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Monday, April 17, 2006

Orthodox and Anglicans/The Bible and the Church

1. What is the relation between the Bible and the Church?

In order to simplify this question, let me propose the respective Orthodox Catholic view.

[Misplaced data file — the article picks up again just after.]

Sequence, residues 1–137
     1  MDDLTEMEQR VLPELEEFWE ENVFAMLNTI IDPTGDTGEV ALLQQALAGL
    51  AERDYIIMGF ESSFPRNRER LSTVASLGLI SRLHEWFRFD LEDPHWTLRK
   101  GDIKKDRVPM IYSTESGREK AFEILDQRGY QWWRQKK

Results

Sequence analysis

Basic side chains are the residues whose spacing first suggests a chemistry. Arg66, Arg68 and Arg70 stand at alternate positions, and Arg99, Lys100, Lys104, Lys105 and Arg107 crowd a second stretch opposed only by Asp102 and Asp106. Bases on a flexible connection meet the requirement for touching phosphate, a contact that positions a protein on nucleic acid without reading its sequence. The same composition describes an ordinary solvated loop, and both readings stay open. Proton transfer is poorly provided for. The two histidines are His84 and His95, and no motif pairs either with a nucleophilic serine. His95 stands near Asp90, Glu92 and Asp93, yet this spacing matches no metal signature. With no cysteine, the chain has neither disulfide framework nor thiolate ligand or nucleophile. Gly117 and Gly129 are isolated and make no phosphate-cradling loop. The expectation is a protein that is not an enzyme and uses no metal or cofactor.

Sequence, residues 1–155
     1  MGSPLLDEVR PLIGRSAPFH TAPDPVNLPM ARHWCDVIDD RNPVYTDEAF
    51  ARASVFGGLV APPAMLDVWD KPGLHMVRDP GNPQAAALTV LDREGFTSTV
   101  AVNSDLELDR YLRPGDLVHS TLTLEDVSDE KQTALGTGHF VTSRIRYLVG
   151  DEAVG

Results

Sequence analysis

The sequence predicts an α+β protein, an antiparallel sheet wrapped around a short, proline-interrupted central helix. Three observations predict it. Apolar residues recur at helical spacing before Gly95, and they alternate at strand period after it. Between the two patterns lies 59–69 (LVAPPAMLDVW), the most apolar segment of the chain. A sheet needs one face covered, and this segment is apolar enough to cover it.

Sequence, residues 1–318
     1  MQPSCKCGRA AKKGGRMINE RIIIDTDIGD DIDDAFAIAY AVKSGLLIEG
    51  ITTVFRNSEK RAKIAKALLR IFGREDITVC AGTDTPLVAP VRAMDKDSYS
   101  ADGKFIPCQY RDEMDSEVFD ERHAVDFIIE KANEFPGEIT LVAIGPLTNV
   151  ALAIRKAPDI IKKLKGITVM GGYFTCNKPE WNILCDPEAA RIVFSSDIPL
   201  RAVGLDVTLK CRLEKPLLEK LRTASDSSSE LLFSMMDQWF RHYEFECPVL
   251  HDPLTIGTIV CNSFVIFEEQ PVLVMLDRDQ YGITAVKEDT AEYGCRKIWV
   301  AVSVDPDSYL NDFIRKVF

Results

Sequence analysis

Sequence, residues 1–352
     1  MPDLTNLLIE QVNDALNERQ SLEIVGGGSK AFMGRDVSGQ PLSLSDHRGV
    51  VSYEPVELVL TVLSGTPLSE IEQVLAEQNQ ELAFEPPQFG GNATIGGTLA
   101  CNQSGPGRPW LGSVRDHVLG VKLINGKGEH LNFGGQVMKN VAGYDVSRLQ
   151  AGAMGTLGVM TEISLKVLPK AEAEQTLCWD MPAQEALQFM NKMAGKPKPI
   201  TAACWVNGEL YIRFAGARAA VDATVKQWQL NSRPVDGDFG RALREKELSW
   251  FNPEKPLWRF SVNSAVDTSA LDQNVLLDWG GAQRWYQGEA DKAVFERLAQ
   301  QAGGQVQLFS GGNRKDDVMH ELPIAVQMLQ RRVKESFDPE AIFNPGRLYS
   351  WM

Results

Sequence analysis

[23] Jesus Christ taught his Apostles, during his lifetime and from his Resurrection to his Ascension, all the Catholic truth, founded the Church, to be guided infallibly by the indwelling Holy Ghost, "upon the foundation of the apostles and prophets, Jesus Christ himself being the chief corner-stone." THIS CHURCH IS "THE PILLAR AND GROUND OF THE TRUTH,"--and I add most emphatically--the only pillar and ground of the truth. The Apostles deposited this truth in their several Churches, consecrated bishops to be their successors and preservers of the truth deposited. Of this "depositum fidei" part was occasionally written, part orally transmitted (2 Thess. ii. 15), but both the written and unwritten word of God formed but one and the same faith, the faith of the Church. This One Word of God, as contained in Bible and Tradition, cannot be torn asunder without making the Bible a storehouse of deadly weapons, a refuge of heresy, a hand-book for the use of Satan (St. Matt. iv. 6). The Bible is neither the complete nor sufficient source of Christian truth, but explicitly points to the contrary. To the apostles Jesus Christ "shewed himself alive after his passion by many infallible proofs, being seen of them forty days, and speaking of the things pertaining to the kingdom of God" (Acts i. 3). What did he speak during those forty days? "About the things pertaining to the kingdom of God," i. e. about the Constitution of the Church and Church-doctrine. And quite natural it was, for the foundation of the Church was close at hand. Of this teaching we find fragments scattered about in the Epistles, [23/24] as occasion required it, but nowhere is written down the complete account of the preparatory instruction which Christ gave his Apostles in the days between his Resurrection and Ascension. Still the Church rests on this instruction, completing what we do not find in the Bible. For instance, nobody can satisfactorily settle the important question of the Baptism of infants from the Bible. Without the teaching of my Church I certainly should be in this point a Baptist. Again, according to Catholic Church teaching, the seven Sacraments are instituted by Christ himself; but, in the Bible, you can only find two sacraments instituted by Christ. Therefore you make the heterodox distinction of two essentially different classes of sacraments, viz. the two real sacraments, Baptism and the Lord's Supper, and five sacramental rites of minor importance. Consistently you can attach to the latter class only an "operatio ex opere operantis," and if you still assert an "operatio ex opere operato," it is but one of the many inconsistencies which overcloud Anglo-Catholicism vibrating between Church and Bible. We have the Church including the Bible, both forming but one Unity. You have the Bible and the Church, forming a Duality disparaging either of the two. Now as you hold the genuine Protestant belief of the self-subsistence of the Bible, not considering the Bible as a fruit of the Church in the full Catholic meaning of the word, exclusively belonging to the Church, to be interpreted only by the Church--you cannot find the proper position of the Church, but place her under the control of the Bible. I [24/25] say, you do not fully consider the Bible as a fruit of the Church, which fruit, as soon as ripe, i.e. canonically completed and universally recognized, was detached from the tree, became self-supporting and sovereign, though not directly hostile to the tree which retains the office of keeping the Bible's Pedigree, after having been superseded by the Bible in all its other primitive functions. Before the Bible was ready, the Church was acknowledged to have been an absolute monarch; since the Bible is ready, the Church became (in the opinion of Protestants) a constitutional prince, lodged in a splendid palace, but bereaved of all rights, even of the right of Veto. The real power lies with the Magna Charta of the Bible, which every one twists as it pleases him. It is true, the Church is a most convenient armoury for the Anglo-Catholics to find weapons for defending themselves and combating Protestantism, but they forget that the primitive position of the Church is materially altered, since the Bible ceased to be the Church's helpmate, both (Church and Bible) being but one and the same organ of the Holy Ghost. Since the Reformation the Bible has to watch over the Church, and has to dictate the sound belief to the Church. Now I call this Protestant table-turning. Such a Church beside the Bible (instead of the Bible within the Church) may be useful, handy, comfortable, but she is not necessary, merely "un article de luxe." Wherefore the greater bulk of consistent Protestants exploded the antiquated idea of the Church as being both cumbrous and injurious to pure Bible-belief.